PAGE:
What’s the second big benefit? This is a big one because a lot of credit spreads offer you this (protection), not very many offer you number two: Potential for increased profit. Now, for this example, what we just talked about, if crude oil stays below $70 a barrel through expiration of this trade, all of these options are going to expire worthless. So, what you would keep is the difference between these two because you lost your premium on your $1,100 protective call but you’re still keeping the premium for your 3 $75 short calls. So, it’d be the difference between these two… $2,400 minus $1,100 would be $1,300 net credit, as they say. If everything expired you would keep that credit of $1,300 per spread. So, if the thing expires below 70, you’re keeping $1,300 per credit spread minus any transaction cost. What if it doesn’t expire below 70? What if the price of crude oil continues to rise and goes above 70? Well, if you were to short the calls you’d probably just have to get out and take your loss. In a ratio credit spread that’s not necessarily the case. In fact, you could end off even better off than you would be if the thing just expired. Here’s why: Here’s our crude chart. Here’s crude sold at 3 75’s, you bought the 70. As crude starts going up, it goes above 70, it doesn’t make it to 75. It’s sitting there about let’s say $72 a barrel. It expires, expires with crude oil going off the board, the options go off the board, December crude is at $72 per barrel. What does that mean? Well, it means all 3 of your $75 calls expired worthless.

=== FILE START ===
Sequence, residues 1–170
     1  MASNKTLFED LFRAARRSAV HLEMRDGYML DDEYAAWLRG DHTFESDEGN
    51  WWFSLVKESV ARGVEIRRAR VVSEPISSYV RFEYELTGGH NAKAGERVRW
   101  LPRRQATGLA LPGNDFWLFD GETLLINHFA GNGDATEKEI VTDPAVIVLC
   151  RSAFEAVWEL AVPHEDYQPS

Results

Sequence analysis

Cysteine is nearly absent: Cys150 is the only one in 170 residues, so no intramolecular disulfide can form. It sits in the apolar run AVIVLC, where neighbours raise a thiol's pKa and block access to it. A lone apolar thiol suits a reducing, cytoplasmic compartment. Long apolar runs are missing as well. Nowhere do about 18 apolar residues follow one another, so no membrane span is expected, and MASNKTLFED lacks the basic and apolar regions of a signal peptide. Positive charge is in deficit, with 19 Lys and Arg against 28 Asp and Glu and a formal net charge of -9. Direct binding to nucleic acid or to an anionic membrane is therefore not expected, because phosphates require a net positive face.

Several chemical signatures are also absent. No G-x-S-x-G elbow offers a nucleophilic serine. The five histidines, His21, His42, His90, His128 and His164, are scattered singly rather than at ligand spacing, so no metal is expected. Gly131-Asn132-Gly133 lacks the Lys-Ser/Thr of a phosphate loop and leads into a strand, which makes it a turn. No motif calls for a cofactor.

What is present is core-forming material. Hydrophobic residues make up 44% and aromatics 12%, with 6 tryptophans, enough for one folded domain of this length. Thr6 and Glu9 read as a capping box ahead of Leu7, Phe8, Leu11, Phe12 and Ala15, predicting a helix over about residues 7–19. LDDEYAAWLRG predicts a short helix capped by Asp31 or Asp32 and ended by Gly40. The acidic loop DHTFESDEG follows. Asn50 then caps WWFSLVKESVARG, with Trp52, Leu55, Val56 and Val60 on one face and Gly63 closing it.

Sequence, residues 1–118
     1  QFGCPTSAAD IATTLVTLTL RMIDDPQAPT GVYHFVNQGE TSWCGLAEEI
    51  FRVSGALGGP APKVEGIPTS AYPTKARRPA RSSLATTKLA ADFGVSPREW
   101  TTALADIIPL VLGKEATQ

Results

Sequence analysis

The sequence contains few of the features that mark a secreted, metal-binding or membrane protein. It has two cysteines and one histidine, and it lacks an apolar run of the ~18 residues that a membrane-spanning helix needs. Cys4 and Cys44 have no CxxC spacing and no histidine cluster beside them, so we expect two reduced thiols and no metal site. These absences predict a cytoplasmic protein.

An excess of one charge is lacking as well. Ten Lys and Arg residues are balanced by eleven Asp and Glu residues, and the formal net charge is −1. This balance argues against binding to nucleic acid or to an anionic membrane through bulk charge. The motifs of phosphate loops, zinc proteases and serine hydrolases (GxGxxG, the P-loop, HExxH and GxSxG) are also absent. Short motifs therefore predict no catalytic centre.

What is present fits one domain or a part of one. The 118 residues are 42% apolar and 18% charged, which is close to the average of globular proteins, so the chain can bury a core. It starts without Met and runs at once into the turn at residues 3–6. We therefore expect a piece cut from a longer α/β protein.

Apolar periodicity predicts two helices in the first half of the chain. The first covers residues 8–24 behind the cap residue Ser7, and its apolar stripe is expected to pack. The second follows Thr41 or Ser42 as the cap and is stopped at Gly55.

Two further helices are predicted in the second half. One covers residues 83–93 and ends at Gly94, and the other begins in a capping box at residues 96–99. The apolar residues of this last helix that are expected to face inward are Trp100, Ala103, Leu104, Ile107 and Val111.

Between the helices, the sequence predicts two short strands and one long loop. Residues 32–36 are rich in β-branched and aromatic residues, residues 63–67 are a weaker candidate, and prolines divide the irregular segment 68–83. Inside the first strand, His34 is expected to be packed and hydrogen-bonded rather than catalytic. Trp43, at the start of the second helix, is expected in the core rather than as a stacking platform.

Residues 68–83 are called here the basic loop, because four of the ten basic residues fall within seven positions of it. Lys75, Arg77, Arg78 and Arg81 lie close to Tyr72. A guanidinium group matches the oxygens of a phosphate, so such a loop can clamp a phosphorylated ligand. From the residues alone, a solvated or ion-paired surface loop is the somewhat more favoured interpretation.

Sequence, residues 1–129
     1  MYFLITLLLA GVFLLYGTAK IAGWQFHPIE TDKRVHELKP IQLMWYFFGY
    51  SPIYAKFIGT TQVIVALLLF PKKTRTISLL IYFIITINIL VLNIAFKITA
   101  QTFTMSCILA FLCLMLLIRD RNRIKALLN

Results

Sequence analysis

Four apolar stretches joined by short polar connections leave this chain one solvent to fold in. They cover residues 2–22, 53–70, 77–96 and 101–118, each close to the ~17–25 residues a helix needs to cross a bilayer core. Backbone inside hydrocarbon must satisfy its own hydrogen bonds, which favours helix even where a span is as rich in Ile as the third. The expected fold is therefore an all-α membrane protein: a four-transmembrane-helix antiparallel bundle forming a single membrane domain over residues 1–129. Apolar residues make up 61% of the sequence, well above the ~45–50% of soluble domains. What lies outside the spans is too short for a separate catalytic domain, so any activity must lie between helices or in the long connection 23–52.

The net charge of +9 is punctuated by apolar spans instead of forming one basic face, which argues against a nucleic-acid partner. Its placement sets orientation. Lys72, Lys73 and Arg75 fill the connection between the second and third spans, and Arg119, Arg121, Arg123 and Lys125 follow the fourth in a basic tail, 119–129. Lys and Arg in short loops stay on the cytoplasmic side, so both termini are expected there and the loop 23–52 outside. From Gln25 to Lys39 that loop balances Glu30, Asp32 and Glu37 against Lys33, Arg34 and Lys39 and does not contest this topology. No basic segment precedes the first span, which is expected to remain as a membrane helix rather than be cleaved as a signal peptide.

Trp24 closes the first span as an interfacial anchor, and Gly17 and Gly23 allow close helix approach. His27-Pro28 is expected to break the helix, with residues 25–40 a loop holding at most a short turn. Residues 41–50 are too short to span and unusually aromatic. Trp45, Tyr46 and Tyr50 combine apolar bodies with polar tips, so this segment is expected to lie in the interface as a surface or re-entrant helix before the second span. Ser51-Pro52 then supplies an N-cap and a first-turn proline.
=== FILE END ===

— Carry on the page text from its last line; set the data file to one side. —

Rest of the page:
So, you made your $2,400 on those because you kept that premium. Your 70 call has expired $2 in the money or, as crude oil goes, that means it’s worth $2,000 per option, so you close that out, it’s worth $2,000. Not only are you making $2,400 on your short calls, you get $2,000 back on your long call. Now, you paid $1,100 for this protection so you’d subtract that, which means you made a profit of $900 on the long call, which gets added to this. Your net take, if the thing goes off the board at 72, is $3,300 per spread. There is a scenario with ratio credit spreads where even if it’s moving against you, as long as it doesn’t move too much, at the end of the day you could end up with a lot more than just your net credit of $1,300. It doesn’t happen very often, but it happens enough to make these worth while doing because it’s nice when it does.